The days are getting longer and perhaps a little warmer, if only in your imagination. If you dwell in the north, you're likely to be still buried in snow, but if you live in a warmer climate, you're enjoying the first bulbs popping out of the dormant winter ground, and you're just starting to see the first buds on the early blooming trees. This means spring is near, and for gardeners, it can't come soon enough. Every green thumb anxiously awaits digging in the dirt, de-winterizing and putting it all back together. Fortunately, there are plenty of things you can do in the days before the soil is finally warm enough to plant in. It's time to order your seeds, and one of the greatest pleasures for many gardeners is poring over the seed catalogs. Now is also a great time to assess your gardening tools and to get them into working order. Remove rust spots and oil hinges, and replace the ones that are irreparable. Once that first chore is complete, read on for more late winter gardening projects.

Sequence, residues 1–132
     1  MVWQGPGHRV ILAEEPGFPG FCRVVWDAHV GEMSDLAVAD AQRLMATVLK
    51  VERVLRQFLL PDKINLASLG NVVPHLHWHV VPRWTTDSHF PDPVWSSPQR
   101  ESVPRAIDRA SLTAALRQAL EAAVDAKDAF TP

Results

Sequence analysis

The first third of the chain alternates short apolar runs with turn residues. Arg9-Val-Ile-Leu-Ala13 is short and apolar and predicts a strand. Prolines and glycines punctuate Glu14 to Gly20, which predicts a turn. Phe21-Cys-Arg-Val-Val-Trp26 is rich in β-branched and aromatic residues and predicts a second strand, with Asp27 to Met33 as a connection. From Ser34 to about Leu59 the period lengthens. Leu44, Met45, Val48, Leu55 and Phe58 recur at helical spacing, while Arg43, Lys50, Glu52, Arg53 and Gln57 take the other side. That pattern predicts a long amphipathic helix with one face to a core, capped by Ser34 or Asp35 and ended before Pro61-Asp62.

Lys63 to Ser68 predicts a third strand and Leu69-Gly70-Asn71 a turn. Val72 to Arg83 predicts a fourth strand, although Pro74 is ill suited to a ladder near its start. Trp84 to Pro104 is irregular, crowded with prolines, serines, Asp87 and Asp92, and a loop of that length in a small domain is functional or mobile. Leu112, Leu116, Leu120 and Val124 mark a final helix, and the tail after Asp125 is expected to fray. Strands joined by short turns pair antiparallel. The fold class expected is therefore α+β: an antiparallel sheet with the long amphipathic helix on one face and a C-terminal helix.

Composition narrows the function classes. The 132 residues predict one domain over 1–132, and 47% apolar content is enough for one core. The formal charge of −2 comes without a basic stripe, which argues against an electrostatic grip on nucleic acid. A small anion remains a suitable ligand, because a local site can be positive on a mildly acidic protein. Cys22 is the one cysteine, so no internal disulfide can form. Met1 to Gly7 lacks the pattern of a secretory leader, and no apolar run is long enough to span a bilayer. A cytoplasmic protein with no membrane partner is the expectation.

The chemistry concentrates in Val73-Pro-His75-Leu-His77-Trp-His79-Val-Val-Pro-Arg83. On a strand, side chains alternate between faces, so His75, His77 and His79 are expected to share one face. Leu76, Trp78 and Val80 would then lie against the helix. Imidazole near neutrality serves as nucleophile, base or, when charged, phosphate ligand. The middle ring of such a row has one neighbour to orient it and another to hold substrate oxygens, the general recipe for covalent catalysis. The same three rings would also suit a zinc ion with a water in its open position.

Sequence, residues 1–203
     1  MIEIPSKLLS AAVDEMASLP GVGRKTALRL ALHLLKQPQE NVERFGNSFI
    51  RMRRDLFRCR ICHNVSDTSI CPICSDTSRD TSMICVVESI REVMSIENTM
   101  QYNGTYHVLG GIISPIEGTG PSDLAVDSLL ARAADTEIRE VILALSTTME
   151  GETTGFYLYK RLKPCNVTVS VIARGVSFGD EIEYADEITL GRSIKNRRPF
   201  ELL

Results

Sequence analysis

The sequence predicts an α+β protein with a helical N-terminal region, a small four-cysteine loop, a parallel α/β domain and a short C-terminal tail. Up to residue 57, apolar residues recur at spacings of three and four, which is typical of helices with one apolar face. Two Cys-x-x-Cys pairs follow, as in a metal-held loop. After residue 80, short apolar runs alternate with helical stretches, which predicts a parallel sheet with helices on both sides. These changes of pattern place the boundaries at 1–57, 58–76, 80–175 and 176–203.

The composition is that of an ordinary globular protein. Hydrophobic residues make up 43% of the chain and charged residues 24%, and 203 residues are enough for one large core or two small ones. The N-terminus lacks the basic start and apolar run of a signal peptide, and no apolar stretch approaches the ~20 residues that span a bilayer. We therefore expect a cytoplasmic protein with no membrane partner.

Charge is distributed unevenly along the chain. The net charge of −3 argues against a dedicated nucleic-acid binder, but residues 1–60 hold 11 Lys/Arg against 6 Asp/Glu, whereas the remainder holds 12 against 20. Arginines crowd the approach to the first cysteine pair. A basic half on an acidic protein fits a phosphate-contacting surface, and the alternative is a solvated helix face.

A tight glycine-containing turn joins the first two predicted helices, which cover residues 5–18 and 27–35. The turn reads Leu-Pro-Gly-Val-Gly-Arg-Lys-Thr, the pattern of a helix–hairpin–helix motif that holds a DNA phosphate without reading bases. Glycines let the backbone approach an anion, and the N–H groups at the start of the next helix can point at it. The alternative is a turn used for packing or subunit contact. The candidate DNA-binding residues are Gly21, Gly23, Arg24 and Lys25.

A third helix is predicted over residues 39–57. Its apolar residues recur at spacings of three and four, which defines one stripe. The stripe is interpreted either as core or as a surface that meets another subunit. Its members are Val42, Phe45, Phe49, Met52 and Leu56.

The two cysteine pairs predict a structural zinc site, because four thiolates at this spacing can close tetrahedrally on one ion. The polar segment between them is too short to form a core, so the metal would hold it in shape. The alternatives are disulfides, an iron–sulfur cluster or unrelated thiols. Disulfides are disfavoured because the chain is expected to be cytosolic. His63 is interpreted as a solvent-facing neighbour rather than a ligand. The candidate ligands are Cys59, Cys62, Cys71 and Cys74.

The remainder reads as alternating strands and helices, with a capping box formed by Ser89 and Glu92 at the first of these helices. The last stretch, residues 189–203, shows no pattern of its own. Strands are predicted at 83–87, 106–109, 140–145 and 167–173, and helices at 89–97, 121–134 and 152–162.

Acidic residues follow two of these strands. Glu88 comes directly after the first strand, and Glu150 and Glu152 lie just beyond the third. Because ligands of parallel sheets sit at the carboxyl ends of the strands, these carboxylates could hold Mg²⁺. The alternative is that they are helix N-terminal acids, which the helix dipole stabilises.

Self-heals have simple leaves with prominent veins and resemble snapdragons blooming in the summer. They are good ground cover in wild gardens and shady areas along walkways, rock gardens, and under taller plants.
Perennials are distinct from annuals in that they return year after year, eliminating the need to buy and plant flowers every spring. Perennials generally bloom only one or two seasons per year. Learn about perennials.